So my wife and I are out to eat the other night with my mom, my sister, my brother and his wife, and it’s a jolly occasion to be certain — my brother’s 50th birthday celebration. So when my sister (who lives out of town) busted out her camera at the end of the night, I didn’t think much of it. After all, the evening was certainly worthy of documentation.
But as we gathered around to say cheese, (as my wife and I were doing in the picture which accompanies this post) I noticed something. My sister’s camera’s like 20 years old. As in I kinda thought it might be a Polaroid for a second. One of the James Gardner models. If you didn’t get that joke, you’re too young, which only furthers my point — my sister’s camera is a dinosaur, y’all. Though it is a digital camera, so at least she’s got that going for her.
But, I swear, it’s like the third one ever made, complete with the flash that flickers on and off six times before the camera actually takes a picture. So I started flipping my sister some good-natured grief about it, which caused her to get all defensive. And her defense? That it was made in 2007 (which, in my book, still makes it incredibly old). So I asked her to hand it over so I could examine it. And I started flipping through the images stored on its memory card and ran across one that was dated 2006 which clearly indicates two things. First, despite her claim, the camera was made in 2006 (at the latest) which means it’s at least six years old.
And second, I’m pretty sure having a picture on your camera that was taken in 2006 makes you a digital hoarder, no?
Which is where I’d like to jump off and express the following: while I totally cannot relate to having pictures on my camera which date back to the Bush administration, I CAN relate to having zillions of pictures organized neatly by date and or by event in iPhoto. Pictures my family and I often view, pictures which bring us great joy, but pictures which should probably be proudly displayed in a frame on a coffee table thus transcending their virtual status and attaining that of real.
Which begs the question: am I, like my sister, a digital hoarder? Which just might beg another question: are you?
Here’s my take: unless one actually converts one’s digital pictures to some sort of physical replica thereof, one does run the risk of becoming a digital hoarder. Again, my take only, but even immaculately organized digital photos (as I have in iPhoto) have a shortcoming. These are real memories, people. So why are we keeping them trapped in the virtual world?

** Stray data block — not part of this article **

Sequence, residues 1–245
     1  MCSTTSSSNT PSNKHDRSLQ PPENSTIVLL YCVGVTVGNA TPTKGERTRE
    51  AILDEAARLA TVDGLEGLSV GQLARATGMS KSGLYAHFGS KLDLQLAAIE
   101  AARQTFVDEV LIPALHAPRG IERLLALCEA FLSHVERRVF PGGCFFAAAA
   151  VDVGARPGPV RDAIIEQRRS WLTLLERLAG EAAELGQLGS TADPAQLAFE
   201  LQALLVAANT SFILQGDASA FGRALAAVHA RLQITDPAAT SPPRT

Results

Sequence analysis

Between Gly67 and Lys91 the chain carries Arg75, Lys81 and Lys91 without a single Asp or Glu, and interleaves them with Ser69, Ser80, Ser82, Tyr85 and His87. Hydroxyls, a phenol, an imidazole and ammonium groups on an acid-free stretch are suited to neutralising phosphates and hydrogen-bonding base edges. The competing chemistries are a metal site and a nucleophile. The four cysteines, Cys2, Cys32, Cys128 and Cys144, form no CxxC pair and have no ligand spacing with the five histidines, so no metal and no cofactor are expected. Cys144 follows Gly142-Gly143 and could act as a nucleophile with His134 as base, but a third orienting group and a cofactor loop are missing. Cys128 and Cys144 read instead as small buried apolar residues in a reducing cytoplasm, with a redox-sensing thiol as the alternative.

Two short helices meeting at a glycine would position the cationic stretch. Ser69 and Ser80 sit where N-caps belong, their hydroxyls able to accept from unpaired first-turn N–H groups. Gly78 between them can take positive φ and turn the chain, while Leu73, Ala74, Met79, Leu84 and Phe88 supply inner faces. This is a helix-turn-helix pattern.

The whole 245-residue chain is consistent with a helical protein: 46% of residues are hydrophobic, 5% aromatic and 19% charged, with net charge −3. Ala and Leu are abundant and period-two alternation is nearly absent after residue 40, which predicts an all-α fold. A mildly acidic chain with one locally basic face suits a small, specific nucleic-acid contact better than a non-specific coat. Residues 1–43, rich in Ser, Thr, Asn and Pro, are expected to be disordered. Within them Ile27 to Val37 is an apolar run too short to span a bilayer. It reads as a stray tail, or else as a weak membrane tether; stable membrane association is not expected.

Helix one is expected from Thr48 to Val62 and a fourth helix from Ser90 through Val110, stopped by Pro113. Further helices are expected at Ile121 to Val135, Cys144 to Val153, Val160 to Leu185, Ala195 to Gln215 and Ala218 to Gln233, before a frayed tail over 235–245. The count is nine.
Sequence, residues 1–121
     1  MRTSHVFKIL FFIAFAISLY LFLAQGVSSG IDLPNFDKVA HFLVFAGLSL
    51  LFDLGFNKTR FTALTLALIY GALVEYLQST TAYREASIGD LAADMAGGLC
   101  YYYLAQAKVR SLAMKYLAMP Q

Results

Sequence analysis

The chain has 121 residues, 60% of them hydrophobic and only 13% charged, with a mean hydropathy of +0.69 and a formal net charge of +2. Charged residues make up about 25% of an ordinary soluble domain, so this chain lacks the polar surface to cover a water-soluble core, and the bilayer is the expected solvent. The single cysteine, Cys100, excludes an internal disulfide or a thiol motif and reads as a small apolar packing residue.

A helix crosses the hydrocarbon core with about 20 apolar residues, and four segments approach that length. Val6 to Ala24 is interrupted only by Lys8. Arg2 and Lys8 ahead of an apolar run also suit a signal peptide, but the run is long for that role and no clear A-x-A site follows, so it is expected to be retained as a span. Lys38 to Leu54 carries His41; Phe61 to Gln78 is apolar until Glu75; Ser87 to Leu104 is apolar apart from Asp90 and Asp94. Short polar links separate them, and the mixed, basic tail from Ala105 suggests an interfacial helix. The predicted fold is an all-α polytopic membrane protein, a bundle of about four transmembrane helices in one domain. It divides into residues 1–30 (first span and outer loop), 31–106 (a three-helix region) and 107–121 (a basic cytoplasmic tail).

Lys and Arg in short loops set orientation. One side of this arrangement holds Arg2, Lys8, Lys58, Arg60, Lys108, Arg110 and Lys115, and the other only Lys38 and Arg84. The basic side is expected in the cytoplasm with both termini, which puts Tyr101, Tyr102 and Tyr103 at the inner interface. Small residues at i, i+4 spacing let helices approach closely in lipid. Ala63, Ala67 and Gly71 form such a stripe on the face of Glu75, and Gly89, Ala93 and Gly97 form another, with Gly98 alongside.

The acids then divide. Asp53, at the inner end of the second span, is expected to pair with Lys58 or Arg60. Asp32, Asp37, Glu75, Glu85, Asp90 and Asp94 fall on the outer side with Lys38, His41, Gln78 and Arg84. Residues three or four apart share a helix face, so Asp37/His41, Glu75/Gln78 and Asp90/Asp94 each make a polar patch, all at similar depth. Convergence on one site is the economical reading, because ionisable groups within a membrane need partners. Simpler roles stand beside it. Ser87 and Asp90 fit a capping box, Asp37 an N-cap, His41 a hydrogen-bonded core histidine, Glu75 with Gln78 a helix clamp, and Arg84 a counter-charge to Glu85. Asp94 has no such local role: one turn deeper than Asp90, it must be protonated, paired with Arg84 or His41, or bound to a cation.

Here’s where I waffle a bit. Digital scrapbooking is completely legit, and, as our family’s primary documentarian (is that a word?), and as a blogger, I believe that I am, indeed, a digital scrapbooker. And while I would argue that the virtual world is so prevalent that it’s now become a reality, I’d also argue this: not everyone is as firmly enmeshed in the virtual world as I am. Like my wife, for example. And she doesn’t exactly feel like strolling over to the computer and logging into my Flickr account whenever she wants to see a photo of our baby playing with our dog.
So, to that end, I’ve been making a concerted effort of late to take some of our more memorable moments and either (a) converting them into real, live pictures with their own frame or (b) converting them into a collection of real pictures and having them printed off in a scrapbook.
Which means that I’m looking for as many ways to do that as possible. And if you’re in that same boat, then you might want to know about Wendy’s awesome scrapbooking app. With it, you can organize all those great pics you just took on that fabulous vacation into a virtual scrapbook which you can share on Facebook (*cough* digital hoarder *cough*) OR you can order an actual hard copy of the scrapbook. You know, assuming you don’t win a free hard copy of your creation (which you could). It’s incredibly easy to use (I made one a week or two ago) and they look great. So check it out by clicking HERE.
So tell me, what’s your take on my whole “digital hoarder” theory?